Sugary goodness

Add some candy to your code: JSweet transpiles from Java to JavaScript

Sarah Schlothauer
© Shutterstock / Veronika Vankova

JSweet is a transpiler that takes code from Java to JavaScript with over 1,000 available JavaScript libraries. See what it can do and unwrap something sweet with its Maven repository.

From Java to JavaScript, it might be easier than you thought. The dream of translation is innate. We all wish to be able to speak to people from across the globe without having to learn a new, complex language, and this is true even with programming. Are we at the “click a button and go” level of transcription yet? Well, no. But JSweet is a helpful tool that’s almost just as good as being multilingual.

JSweet is a Java to JavaScript transpiler. Time to see what it can do!

Let’s unwrap

JSweet uses source-to-source compiles code to TypeScript and JavaScript for availability in browsers, mobile web, or Node.js. All you need is Maven, Git, and Node.js and you can get started with cloning the project from GitHub.

From GitHub, here’s the reasons why JSweet should be on our radar:

  • JSweet is safe and reliable. It provides web applications with type-checking and generates fully type-checked JavaScript programs. It stands on Oracle’s Java Compiler (javac) and on Microsoft’s TypeScript (tsc).
  • JSweet allows you to use your favorite JS library (JSweet+Angular2JSweet+threejsIONIC/Cordova, …).
  • JSweet enables code sharing between server-side Java and client-side JavaScript. JSweet provides implementations for the core Java libraries for code sharing and legacy Java migration purpose.
  • JSweet is fast, lightweight and fully JavaScript-interoperable. The generated code is regular JavaScript code, which implies no overhead compared to JavaScript, and can directly interoperate with existing JavaScript programs and libraries.

There is also a helpful debug mode to prevent any mistakes from going live. And for those wondering, JSweet is not just an emulator. You can use the newly generated code as your source code. It works like JavaScript because it is JavaScript, no secret Java to be found underneath.

SEE ALSO: TypeScript: Everyone’s type of JavaScript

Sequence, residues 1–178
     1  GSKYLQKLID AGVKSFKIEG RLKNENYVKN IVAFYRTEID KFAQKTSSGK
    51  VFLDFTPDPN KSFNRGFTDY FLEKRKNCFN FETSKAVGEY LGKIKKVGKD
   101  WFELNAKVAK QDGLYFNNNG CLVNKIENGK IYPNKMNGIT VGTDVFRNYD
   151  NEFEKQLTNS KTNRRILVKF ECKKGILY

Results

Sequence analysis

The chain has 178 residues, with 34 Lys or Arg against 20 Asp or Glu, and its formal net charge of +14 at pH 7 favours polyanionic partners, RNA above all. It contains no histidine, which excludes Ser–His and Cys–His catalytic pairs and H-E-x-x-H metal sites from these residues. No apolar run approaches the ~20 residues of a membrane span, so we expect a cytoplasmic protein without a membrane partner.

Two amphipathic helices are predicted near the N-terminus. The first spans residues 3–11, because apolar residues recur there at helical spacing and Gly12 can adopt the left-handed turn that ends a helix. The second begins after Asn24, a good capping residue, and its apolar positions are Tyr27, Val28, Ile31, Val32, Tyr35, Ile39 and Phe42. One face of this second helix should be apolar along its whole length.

Not just a sugary treat

Candies aren’t just an impulse buy in the grocery store line. In JSweet, candies are how the transcription works.

Let’s take a look at the Getting Started guide and find out what these snacks are: “A JSweet candy is a Maven artifact that corresponds to a Java/JavaScript library/framework/API, which you can use in your JSweet application simply by adding a dependency to it in your pom.xml.”

A candy is a Maven artifact with three ingredients:

  1. Java API and/or implementation,
  2. the corresponding TypeScript definitions (necessary for the TypeScript to JavaScript compilation),
  3. and, optionally, the compiled JavaScript implementation, to be used for running the library/framework/API.

SEE ALSO: Freelancer Fast 50: Blockchain, JavaScript and AI skills on the rise

There are already available candy libraries and if those aren’t enough, get cooking and build your own candy and add it to the library. There are several repos on GitHub of JSweet candies as well ready to deploy.

Of course, there are some limitations to JSweet. After transcription, some parts of the code may have to be rewritten and some Java libraries are not supported.

Getting started

Try JSweet live sandbox and view how it works, such as transcribing a 3-D logo rotate, quick start, or basic jQuery. There are also many examples you can run on your browser to see more of JSweet’s capabilities, including canvas drawing, form input, Angular example, and Backbone todos.

Have you used JSweet? What do you think of this transpiler?




Sarah Schlothauer

Sarah Schlothauer

All Posts by Sarah Schlothauer

Sarah Schlothauer is the editor for She received her Bachelor's degree from Monmouth University, West Long Branch, New Jersey. She currently lives in Frankfurt, Germany with her husband and cat where she enjoys reading, writing, and medieval reenactment. She is also the editor for Conditio Humana, an online magazine about ethics, AI, and technology.

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Anna Martinez
Anna Martinez
3 years ago

Thank you for sharing an amazing article @Sarah Schlothauer.

I was not aware of this Jsweet Candy. Again thanks Sarah for sharing this article, Nowadays Node.js is also a trending JS for a programmer you should also add in this in the article.